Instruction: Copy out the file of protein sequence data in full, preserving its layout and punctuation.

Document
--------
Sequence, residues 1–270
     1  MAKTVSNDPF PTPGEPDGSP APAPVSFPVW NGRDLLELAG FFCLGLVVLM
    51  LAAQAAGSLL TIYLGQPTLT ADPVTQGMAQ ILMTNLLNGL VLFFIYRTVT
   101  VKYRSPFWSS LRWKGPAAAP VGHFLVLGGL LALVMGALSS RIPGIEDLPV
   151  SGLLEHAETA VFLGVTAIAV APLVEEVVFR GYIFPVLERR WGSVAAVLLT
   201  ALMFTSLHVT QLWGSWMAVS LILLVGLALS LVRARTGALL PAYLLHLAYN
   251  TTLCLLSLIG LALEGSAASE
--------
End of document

Sequence, residues 1–270
     1  MAKTVSNDPF PTPGEPDGSP APAPVSFPVW NGRDLLELAG FFCLGLVVLM
    51  LAAQAAGSLL TIYLGQPTLT ADPVTQGMAQ ILMTNLLNGL VLFFIYRTVT
   101  VKYRSPFWSS LRWKGPAAAP VGHFLVLGGL LALVMGALSS RIPGIEDLPV
   151  SGLLEHAETA VFLGVTAIAV APLVEEVVFR GYIFPVLERR WGSVAAVLLT
   201  ALMFTSLHVT QLWGSWMAVS LILLVGLALS LVRARTGALL PAYLLHLAYN
   251  TTLCLLSLIG LALEGSAASE